7 HUGE Acoustic Guitar Lessons from The Byrds • Acoustic Tuesday 237

The Byrds were pioneers of psychedelic and folk rock. While acoustic guitars weren’t their main axes, there are still plenty of lessons to learn from this incredible band.

The Byrds have a rich history of rocking out and pushing the boundaries of rock. They weren’t afraid to crossover into different genres. And, as a result, they took a variety of different techniques and applied them to non-traditional situations.

From the way they modified chords to how they reimagined certain arrangements, there are plenty of technique lessons you can learn from the Byrds. I want to specifically focus on 7 key areas of The Byrds’ music.

By the end of this lesson, you’ll learn some Byrds-inspired techniques that are sure to help you discover that ’60s folk-rock sound on your guitar.

Besides discussing the techniques we can learn from the Byrds, you’ll also get to hear more about the Tony’s Acoustic Challenge Family, slide guitar technique from an earlier AT episode, and the interview that’s inspiring me on my guitar journey right now.

Featured in this episode…

  • Atkin Guitars
  • David Bowie
  • Chatham Rabbits

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  1. Great show again. Thanks, I believe some of us older / beginners really could use the breaks in the Daily challenges videos like you do here, maybe a loop so we don’t have to remove our hands from the guitar , Just a suggestion.
    The folk artist I would like explore would be Arlo Guthrie, as well as John Denver. The new to Me artist I stumbled on is Reina del Cid. She won me over many times but her Ship of fools YouTube. To me was fantastic. I would love to learn that song. She plays with a capo. I’m not there yet.
    Have a Grateful Day!

  2. Joni Mitchell would be great future subject . Not only great songs but a lot of alternative tunings used in her early acoustic work

  3. I was lucky to see the Byrds live at the Pilgrimage Theater in LA in June 1969. They were AMAZING. The funny thing is that The Firesign Theater opened for them. Psychedelics were rampant.

  4. Hearing the different ways bands have modified how the guitar is played is an interesting trip on the guitar adventure. Thanks for the Byrds piece.

  5. Tony …The segment on The Byrds was AWESOME …I am an old Folk Music fan and would like for you to explore a few of the other Folk Musicians ..Perhaps John B Sebastian and the Lovin Spoonful …???

  6. Another great Acoustic Tuesday from Tony. I enjoyed your 7 lessons of the Byrds techniques and melodies. As a suggestion, how about examining the playing innovations of Chuck Berry, particularly hearing the difference he initiated to the “G blues scale” by double picking and fretting the adjacent string simultaneously as the single conventional picking for this scale. In my mind, this method develops tones “to die for”. Compare the two methods and see/hear for yourself………Fabulous!!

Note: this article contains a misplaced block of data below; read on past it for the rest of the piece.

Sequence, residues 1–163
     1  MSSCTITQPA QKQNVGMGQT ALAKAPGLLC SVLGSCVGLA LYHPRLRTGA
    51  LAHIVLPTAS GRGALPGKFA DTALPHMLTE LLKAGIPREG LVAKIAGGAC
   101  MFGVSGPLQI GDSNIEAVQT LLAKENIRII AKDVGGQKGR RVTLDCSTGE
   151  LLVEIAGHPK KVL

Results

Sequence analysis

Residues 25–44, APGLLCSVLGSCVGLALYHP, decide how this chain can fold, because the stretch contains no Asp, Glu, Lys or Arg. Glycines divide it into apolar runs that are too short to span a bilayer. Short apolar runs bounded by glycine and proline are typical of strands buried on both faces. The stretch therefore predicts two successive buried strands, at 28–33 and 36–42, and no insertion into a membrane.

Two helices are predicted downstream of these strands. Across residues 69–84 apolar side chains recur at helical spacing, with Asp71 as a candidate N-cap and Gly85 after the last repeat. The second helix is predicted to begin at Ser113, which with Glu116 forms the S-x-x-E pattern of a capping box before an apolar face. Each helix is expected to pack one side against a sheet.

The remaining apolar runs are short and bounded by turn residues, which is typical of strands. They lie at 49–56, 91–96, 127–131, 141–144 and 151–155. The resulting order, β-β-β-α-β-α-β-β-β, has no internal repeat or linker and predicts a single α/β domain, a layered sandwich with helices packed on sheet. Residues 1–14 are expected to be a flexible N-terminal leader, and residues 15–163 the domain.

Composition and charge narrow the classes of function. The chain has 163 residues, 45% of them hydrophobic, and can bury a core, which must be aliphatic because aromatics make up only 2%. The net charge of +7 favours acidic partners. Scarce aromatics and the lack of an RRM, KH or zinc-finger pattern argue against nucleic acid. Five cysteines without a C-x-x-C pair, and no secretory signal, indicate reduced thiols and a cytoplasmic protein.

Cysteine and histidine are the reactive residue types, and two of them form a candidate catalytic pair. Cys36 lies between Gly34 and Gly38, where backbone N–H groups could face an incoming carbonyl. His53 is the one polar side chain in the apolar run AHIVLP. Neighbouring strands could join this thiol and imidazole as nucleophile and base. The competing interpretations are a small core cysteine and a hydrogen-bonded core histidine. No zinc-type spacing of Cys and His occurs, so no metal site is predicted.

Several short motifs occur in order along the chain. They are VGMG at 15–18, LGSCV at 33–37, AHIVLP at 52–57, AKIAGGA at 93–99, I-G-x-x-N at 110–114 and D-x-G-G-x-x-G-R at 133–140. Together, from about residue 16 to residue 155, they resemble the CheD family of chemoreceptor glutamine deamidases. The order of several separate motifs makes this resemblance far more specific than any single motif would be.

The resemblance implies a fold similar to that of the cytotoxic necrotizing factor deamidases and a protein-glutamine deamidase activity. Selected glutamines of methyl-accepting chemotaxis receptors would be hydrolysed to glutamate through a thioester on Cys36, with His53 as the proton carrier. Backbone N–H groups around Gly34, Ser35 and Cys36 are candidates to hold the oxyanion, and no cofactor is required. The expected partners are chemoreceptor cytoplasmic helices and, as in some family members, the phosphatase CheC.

7. Tony, Jeff Knapp mentioned the Traveling Wilbury’s. They are one of my favorites as well as the Beatles and ELO with Jeff Lynn. Some stuff along those lines would be fantastic. Orbison, Harrison, Lynn, Petty, Dylan and their studio drummer, it don’t get no better than than that! Can’t wait for what you have in store for us.

  8. Tony, this is my 3rd Acoustic Tuesday. I work every other Tuesday so I have to watch late a night to keep up. I just finished 30 days to play ( and will repeat the entire sequence as soon as I can) and am moving forward into chords and fret board challenges. I love Acoustic Tuesday but I must be careful, I’ll spend too much money! Got to tell you from episode 236 I think it was, I fell in love with the Taylor 562 C.E. 12 string. Looks like a good entry point for me on a 12 string at a reasonable price/quality match. And I liked that you said it was the most comfortable. I began my TAC journey approximately 3-4 weeks ago with a new Taylor 114 C.E. It is very comfortable to me and my fingers are now growing callouses again after so many years of not playing. Thanks for your encouragement and the wonderful info on Acoustic Tuesday! I am 68 years old and grew up on the Byrd’s and so many other great musicians (James Taylor as one of my many favorites). Anyway, thanks Tony. Really happy I joined TAC. Learning more than I knew before and am amazed at my progress. For all those who wonder if they should join, I say emphatically yes! Dive into the deep end of the pool and we’ll see where we are 90 days from now.